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For shopping, most shopkeepers will jack up the price to tourists so do be careful with your money. Tuk-tuk drivers will often bring you to their commissioned shops to make a quick buck and these are cash-drainers. Refuse them with a firm NO if you don’t intend to buy anything and haggle to bring it to an acceptable price if you do. Don’t forget to visit Bapu Bazaar! It is cheap and everything the city has to sell can be found here. The city of Jaipur takes 2-3 days to explore unless you take your time like me. I spent 5 days to soak in and learn the culture and people. All in all, Jaipur is a busy hub of traders that integrates perfectly between ancient buildings, crafts and modern people.



Jaisalmer Fort at night

The highlight of my trip (apart from Taj Mahal) would be the city of Jaisalmer. Known as the Golden City, it lies in the heart of Thar Desert. We hired a car from Jaipur that took us 9 hours. One thing to note is to never drive yourself in India as their roads are chaotic and drivers have this obsession to keep their hands continuously pressing the car horns. Upon reaching, we made our way to our inn, Desert Boys Guesthouse in Jaisalmer Fort. Again, cheap and fantastic themed rooms.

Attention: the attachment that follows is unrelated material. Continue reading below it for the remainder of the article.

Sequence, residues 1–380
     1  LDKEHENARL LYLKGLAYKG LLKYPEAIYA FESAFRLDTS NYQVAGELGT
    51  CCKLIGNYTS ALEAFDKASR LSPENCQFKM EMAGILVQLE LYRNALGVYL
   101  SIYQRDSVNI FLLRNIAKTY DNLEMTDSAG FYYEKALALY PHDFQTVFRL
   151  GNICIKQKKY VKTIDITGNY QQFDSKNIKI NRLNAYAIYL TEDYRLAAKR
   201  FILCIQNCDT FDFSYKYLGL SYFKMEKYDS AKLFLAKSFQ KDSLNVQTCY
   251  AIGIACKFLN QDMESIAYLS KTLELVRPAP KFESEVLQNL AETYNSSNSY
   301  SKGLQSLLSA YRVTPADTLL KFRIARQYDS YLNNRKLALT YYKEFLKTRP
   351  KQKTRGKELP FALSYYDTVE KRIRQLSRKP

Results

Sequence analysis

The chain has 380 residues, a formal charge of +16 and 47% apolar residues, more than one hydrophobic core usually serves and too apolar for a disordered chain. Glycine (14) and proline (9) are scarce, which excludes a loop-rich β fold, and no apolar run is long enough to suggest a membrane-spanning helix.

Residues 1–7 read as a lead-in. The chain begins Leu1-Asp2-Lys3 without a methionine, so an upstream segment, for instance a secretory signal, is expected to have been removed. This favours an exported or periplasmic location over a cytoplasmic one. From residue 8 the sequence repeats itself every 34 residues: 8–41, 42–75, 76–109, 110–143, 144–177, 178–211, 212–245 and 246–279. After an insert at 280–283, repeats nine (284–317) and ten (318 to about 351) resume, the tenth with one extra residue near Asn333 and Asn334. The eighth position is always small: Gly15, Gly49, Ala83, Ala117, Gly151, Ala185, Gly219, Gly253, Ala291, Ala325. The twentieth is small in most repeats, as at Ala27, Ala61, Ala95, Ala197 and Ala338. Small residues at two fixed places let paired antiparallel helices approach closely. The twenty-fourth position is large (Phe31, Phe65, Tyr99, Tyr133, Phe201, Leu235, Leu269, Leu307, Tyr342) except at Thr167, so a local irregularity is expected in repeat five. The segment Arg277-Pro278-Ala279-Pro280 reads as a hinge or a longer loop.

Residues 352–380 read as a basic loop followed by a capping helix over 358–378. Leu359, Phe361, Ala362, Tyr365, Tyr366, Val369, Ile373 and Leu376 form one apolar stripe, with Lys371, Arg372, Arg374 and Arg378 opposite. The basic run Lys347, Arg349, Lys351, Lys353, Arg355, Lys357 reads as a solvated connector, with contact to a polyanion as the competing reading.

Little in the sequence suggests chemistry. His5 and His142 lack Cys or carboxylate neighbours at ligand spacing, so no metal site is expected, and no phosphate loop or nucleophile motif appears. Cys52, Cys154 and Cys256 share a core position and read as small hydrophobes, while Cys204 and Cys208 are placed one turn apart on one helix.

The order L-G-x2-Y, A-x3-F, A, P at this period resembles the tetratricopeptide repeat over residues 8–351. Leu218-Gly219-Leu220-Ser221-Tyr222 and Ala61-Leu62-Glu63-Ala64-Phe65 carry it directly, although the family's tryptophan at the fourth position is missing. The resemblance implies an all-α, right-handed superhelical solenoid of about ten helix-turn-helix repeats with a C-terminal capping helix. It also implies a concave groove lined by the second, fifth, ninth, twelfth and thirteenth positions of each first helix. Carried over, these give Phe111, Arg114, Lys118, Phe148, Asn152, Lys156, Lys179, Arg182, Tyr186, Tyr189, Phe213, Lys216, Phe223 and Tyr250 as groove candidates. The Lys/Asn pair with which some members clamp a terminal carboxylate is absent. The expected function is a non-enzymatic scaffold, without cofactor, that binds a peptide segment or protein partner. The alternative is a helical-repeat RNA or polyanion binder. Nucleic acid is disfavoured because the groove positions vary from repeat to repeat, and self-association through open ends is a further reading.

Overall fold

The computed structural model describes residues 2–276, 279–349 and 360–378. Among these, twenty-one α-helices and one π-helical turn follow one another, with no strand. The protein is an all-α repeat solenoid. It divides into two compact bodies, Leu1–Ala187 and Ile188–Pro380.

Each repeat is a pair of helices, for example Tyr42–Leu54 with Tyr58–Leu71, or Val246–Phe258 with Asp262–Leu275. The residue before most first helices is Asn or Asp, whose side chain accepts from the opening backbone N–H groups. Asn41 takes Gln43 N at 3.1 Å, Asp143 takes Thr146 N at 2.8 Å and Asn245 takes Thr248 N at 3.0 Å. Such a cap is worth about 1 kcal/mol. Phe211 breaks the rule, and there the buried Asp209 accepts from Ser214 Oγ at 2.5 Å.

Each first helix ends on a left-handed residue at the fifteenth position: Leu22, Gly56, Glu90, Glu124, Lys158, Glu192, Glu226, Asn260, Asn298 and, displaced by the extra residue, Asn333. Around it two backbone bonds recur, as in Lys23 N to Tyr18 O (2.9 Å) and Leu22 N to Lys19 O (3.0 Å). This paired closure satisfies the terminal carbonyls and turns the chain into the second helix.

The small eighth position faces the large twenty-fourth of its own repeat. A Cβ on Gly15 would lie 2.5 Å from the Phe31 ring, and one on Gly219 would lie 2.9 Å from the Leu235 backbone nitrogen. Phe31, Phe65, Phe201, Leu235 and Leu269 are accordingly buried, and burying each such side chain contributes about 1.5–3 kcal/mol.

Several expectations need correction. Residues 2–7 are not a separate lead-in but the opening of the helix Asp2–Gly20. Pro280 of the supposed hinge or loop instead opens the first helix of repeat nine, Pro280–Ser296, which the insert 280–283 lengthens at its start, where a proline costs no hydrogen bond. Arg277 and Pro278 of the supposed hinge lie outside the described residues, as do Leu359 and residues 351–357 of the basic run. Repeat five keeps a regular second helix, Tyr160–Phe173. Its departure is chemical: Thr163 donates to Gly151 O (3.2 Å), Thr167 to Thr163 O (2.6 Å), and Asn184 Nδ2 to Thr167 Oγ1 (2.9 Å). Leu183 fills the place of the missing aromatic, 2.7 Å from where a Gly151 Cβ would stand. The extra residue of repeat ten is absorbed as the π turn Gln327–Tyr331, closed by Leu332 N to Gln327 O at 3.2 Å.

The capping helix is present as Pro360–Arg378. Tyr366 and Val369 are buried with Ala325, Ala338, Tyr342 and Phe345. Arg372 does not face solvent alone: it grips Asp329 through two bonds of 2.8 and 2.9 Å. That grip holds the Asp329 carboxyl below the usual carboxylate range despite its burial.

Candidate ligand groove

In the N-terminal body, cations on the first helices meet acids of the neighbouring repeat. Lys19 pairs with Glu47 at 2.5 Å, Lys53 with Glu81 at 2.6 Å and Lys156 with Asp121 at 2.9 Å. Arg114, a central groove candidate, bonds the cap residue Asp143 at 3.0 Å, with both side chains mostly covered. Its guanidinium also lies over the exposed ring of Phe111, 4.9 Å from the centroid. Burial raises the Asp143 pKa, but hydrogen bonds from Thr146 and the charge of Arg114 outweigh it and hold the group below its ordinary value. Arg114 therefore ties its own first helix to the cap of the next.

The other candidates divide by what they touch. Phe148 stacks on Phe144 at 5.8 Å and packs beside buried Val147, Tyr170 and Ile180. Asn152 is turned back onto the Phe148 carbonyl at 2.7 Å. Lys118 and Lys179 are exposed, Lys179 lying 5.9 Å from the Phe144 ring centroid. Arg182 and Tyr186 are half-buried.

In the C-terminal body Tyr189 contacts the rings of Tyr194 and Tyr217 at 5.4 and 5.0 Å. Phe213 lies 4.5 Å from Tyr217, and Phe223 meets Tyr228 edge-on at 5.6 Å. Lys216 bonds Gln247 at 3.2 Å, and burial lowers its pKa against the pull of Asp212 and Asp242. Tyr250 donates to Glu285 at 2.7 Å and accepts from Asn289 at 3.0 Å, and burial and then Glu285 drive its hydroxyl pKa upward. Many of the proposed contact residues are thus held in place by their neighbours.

Locals and visitors lighting candles during Cleaning Jaisalmer Festival

Jaisalmer’s architecture is amazing. Jaisalmer Fort is literally a life-sized sandcastle and is lit up dramatically at night. Made out of sandstone, every single building is a work of art with intricate details. We were lucky to experience the Cleaning Jaisalmer Festival – candles were lit up at every corner of Jaisalmer Fort – and the Desert Festival when we were there.

Spending the night in Thar Desert amongst the sand dunes completed the desert experience as we rode camels to our campsite, got treated to a folk dance by the locals and had our meals cooked on campfire. Shopping in Jaisalmer is extremely cheap and exotic. Silk shawls, kurtas, crafted bags, camel leather books/shoes and colorful sarees will fill your luggage and we spent a great deal on souvenirs for friends here.

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The sleeper bus experience